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Director's Report to the National Advisory Council on Drug Abuse - September, 2010

Research Findings - Research on Medical Consequences of Drug Abuse and Co-Occurring Infections (HIV/AIDS, HCV)

Human Immunodeficiency Virus Type 1 clade B and C Tat Differentially Induce Indoleamine 2, 3-dioxygenase and Serotonin in Immature Dendritic Cells: Implications for NeuroAIDS

Human immunodeficiency virus type 1 (HIV-1) is commonly associated with immune dysfunctions and the suppression of antigen-presenting cells. This results in immune alterations, which could lead to impaired neuronal functions, such as neuroAIDS. The neurotoxic factor kynurenine (KYN), the rate-limiting enzyme indoleamine 2, 3-dioxygenase (IDO), serotonin (5-HT), and serotonin transporter (5-HTT) may play a role in tryptophan deficiency and serotogenic dysfunction in neuroAIDS. HIV-1 transactivator regulatory protein (Tat) is known to play a major role in immune dysfunction. Previous studies suggest that HIV-1 B and C clades differentially manifest neuronal dysfunctions in the infected host. In the present study an examination was conducted of the effect of HIV-1 B and C clade-derived Tat on IDO and 5-HTT gene and protein expressions by dendritic cells as studied by quantitative polymerase chain reaction (qPCR) and Western blot. In addition, the intracellular IDO expression, IDO enzyme activity, and the levels of 5-HT and KYN were also measured. Results indicate that HIV-1 clade B Tat up-regulates IDO and down-regulates 5-HTT gene and protein expressions. Further, HIV-1 clade B Tat caused a reduction of 5-HT with simultaneous increase in KYN levels as compared to HIV-1 clade C Tat. These studies suggest that HIV-1 clade B and C Tat proteins may play a differential role in the neuropathogenesis of HIV-associated dementia (HAD) or HIV-associated neurocognitive disorder (HAND). Samikkannu T, Rao KV, Gandhi N, Saxena SK, Nair MP. Human immunodeficiency virus type 1 clade B and C Tat differentially induce indoleamine 2,3-dioxygenase and serotonin in immature dendritic cells: Implications for neuroAIDS. J Neurovirol. 2010 Jul 6. [Epub ahead of print].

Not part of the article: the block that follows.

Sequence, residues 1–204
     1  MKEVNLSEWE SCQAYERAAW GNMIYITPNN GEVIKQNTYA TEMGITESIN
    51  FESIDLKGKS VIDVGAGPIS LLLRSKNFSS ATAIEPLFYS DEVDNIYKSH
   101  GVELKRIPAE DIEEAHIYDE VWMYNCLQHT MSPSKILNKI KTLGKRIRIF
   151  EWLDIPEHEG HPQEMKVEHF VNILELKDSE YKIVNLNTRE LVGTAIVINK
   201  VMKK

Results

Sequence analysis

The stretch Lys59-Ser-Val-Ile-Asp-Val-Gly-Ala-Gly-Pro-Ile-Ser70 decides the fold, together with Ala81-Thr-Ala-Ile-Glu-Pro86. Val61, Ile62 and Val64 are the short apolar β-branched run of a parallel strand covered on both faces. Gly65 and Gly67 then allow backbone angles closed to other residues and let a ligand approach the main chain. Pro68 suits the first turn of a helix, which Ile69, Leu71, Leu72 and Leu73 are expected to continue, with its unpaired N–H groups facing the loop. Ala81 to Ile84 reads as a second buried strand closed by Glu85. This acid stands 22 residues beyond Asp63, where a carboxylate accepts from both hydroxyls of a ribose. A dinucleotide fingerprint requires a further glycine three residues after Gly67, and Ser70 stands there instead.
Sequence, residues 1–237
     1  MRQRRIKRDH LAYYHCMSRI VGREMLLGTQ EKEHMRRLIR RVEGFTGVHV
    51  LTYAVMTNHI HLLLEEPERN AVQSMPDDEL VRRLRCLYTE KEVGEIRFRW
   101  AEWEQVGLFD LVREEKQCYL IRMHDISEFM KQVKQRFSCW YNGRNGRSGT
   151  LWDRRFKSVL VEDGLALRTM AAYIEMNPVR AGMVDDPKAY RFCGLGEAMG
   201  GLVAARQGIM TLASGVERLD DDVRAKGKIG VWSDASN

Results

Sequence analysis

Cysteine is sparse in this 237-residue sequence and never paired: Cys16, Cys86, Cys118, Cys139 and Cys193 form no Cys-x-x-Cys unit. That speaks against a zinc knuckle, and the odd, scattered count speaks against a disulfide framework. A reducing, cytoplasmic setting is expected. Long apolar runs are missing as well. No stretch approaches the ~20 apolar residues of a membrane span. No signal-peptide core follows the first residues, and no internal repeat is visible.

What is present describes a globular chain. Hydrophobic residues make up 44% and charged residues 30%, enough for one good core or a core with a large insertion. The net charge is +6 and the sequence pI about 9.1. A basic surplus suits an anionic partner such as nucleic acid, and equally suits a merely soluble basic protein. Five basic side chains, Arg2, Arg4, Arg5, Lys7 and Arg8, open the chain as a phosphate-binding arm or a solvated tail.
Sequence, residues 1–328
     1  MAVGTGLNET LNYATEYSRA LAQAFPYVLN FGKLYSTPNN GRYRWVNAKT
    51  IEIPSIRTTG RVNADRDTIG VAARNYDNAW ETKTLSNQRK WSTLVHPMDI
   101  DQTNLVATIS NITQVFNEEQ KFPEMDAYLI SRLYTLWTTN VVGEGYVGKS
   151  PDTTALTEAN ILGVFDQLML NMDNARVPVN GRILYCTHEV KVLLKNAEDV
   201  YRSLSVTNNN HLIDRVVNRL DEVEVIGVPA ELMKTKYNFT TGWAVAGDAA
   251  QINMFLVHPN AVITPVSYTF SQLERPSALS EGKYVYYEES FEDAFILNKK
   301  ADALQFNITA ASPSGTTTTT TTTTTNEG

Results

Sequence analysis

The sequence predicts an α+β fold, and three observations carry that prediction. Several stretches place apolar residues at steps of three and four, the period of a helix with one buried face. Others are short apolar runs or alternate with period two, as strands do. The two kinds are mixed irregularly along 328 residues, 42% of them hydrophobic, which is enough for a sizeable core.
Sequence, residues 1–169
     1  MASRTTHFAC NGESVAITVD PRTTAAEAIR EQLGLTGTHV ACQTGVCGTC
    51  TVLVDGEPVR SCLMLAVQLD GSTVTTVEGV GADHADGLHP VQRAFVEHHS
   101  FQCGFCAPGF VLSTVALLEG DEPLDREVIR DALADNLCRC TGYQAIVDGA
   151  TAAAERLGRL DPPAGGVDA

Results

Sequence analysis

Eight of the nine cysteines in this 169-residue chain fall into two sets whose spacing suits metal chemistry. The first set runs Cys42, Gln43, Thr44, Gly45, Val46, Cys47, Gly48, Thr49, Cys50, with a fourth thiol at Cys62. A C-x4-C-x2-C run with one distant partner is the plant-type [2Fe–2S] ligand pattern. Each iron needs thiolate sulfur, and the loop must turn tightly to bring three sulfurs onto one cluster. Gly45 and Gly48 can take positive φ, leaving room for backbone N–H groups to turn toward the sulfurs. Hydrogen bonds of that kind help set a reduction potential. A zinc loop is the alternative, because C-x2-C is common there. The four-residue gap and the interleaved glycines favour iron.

Randomized, Controlled Clinical Trial of Zinc Supplementation to Prevent Immunological Failure in HIV-infected Adults